Survey of Energy Resources 2007
Wave Country Notes
Canada has not traditionally been thought of as having an interest in wave energy. However, there have been several important developments in recent years, including Canada becoming a member of the IEA's Implementing Agreement on Ocean Energy Systems. A number of organisations have set up the Ocean Renewable Energy Group to promote wave and tidal energy in Canada by addressing common issues (resource assessment, permitting, supply chain); it includes a number of individual device developers (http://oreg.ca). Wave and especially tidal current are seen as a promising energy source, with a number of Provinces actively supporting development projects such as that by BC Hydro for Vancouver Island, where a number of wave and tidal energy developers are seeking to install devices. This activity is starting to be matched at a national level, with the Government undertaking work that will benefit all potential developers, for instance looking into permitting processes.
Canada has several organisations and universities working on wave energy and a few device developers.
This company has taken over the AquaBuOY technology formerly developed by AquaEnergy (www.finavera.com/wave). It consists of a floating, vertical hollow cylinder rigidly mounted under a buoy, with the tube open at both ends so that seawater can pass unimpeded back and forth. Inside the tube are two Hosepumps, one is attached to the top via non-return valves, the other is similarly attached to the bottom and both are attached to a neutrally buoyant disk or piston in the middle. When the buoy is at rest, the piston is held at the midpoint by the balanced tension of the two Hosepumps. When the buoy moves vertically in the waves, the central piston moves with respect to the tube, thereby alternately stretching and compressing the Hosepumps. These are steel-reinforced rubber hoses whose internal volume is reduced when they are stretched, thereby acting as a pump. The pressurised sea water is expelled into a high-pressure accumulator within the buoy which drives a turbine and generator rated at 250 kW. This device has undergone considerable development and is at the pilot plant stage. Finavera has plans for projects in several locations, including a 5 MW scheme in Uculet on the west coast of Canada (later to be upgraded to 100 MW), as well as in the USA, Portugal and South Africa.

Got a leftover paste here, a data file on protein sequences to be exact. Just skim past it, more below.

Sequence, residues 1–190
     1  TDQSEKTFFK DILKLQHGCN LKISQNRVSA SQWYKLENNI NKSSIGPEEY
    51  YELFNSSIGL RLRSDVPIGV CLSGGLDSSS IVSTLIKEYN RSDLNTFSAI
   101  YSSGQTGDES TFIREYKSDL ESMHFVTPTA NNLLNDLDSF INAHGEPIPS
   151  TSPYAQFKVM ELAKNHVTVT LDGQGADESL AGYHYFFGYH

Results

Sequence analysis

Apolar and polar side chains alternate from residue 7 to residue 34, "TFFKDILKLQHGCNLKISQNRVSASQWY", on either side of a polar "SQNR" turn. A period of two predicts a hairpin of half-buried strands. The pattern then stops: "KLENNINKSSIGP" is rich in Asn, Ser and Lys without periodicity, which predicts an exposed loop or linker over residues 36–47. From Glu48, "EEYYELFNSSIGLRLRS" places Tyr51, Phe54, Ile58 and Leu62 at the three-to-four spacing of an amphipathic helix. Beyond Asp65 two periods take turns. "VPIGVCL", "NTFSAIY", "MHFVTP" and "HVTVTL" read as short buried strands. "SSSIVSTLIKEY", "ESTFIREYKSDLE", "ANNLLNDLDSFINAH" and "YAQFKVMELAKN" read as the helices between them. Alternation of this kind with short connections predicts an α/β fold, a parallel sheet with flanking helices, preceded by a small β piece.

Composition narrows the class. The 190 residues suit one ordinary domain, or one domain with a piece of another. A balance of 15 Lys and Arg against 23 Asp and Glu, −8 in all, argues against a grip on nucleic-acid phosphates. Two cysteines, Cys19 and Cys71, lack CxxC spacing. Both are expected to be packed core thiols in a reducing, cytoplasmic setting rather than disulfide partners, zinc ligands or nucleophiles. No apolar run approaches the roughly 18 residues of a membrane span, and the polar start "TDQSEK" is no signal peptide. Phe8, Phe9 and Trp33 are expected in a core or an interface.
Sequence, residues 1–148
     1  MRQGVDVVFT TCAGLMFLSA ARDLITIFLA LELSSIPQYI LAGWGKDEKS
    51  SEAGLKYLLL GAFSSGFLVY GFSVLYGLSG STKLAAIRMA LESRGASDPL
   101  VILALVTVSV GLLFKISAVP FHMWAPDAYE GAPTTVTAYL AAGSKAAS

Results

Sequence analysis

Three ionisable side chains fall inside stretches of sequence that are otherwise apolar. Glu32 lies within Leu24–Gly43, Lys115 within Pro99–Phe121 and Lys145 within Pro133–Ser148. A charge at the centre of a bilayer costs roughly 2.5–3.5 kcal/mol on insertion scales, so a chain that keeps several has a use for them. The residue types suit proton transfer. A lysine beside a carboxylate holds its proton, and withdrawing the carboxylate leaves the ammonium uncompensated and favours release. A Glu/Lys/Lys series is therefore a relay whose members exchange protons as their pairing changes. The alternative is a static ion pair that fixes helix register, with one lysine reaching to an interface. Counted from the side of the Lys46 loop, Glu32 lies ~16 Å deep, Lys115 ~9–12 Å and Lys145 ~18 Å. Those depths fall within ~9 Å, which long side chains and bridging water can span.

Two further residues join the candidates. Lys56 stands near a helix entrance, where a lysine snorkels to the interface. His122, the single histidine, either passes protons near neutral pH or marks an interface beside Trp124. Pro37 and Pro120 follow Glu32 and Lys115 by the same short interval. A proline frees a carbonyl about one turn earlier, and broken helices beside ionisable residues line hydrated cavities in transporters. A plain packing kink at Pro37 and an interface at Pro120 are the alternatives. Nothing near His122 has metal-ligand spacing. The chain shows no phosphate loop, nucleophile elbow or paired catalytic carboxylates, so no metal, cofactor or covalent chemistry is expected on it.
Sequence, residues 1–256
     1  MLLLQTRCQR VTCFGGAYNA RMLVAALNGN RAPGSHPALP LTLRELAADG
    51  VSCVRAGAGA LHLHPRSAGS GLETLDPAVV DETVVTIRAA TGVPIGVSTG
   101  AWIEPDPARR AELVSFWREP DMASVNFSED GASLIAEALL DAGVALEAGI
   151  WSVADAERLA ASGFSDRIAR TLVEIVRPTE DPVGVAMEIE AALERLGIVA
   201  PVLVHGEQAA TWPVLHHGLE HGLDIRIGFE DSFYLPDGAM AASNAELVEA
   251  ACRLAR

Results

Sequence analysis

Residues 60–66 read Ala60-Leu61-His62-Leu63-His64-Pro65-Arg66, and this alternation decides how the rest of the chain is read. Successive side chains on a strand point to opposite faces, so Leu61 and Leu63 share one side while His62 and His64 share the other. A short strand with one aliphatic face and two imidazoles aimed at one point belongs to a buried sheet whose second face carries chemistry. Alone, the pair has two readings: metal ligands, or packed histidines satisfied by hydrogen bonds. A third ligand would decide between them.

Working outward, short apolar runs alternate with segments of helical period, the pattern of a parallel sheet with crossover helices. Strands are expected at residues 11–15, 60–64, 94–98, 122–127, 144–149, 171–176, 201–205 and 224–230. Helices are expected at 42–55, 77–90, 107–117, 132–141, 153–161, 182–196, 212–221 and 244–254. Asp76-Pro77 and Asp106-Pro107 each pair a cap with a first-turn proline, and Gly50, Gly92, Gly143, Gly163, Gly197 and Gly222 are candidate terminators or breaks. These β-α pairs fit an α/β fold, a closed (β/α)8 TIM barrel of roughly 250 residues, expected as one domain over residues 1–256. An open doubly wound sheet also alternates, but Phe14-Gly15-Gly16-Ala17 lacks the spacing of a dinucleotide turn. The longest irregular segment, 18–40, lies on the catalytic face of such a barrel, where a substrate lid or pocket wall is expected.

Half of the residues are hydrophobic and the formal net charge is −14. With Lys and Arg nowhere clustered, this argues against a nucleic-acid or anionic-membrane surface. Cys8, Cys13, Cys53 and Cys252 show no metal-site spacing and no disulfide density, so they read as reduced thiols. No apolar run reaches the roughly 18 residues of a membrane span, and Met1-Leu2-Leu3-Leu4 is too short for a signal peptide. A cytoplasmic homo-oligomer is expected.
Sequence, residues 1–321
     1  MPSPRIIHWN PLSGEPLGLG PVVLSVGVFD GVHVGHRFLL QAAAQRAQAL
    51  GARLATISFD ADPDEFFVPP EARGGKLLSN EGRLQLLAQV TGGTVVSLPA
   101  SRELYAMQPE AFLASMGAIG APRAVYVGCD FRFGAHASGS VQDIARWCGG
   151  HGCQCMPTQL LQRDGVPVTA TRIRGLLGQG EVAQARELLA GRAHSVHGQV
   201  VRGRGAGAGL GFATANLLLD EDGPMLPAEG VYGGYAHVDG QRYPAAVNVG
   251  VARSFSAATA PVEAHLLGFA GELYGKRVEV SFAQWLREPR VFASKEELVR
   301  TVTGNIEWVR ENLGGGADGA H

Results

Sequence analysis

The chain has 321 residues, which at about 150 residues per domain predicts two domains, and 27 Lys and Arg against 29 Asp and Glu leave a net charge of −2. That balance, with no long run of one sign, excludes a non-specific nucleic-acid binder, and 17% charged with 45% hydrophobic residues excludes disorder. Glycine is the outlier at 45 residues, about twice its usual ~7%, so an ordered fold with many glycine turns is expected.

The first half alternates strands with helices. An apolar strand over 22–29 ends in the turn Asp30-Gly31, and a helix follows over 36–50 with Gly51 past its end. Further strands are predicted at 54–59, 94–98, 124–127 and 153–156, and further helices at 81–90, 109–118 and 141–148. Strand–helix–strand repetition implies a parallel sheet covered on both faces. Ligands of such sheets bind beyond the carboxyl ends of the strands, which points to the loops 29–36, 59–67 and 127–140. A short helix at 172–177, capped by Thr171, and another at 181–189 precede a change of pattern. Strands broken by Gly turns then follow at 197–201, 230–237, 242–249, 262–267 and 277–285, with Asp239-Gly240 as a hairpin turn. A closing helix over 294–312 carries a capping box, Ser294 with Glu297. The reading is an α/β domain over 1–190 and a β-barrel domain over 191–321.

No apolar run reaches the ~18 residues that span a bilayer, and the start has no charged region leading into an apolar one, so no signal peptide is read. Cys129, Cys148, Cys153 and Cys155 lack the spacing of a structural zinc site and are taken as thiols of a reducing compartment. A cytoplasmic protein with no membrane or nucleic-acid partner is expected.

SyncWave Energy Inc. (SEI)
SEI is developing a floating device where two floats oscillate out of phase with each other and the relative motion between the floats is harnessed by a mechanical power take-off to generate electricity (www.syncwaveenergy.com). This technology is at the R&D stage.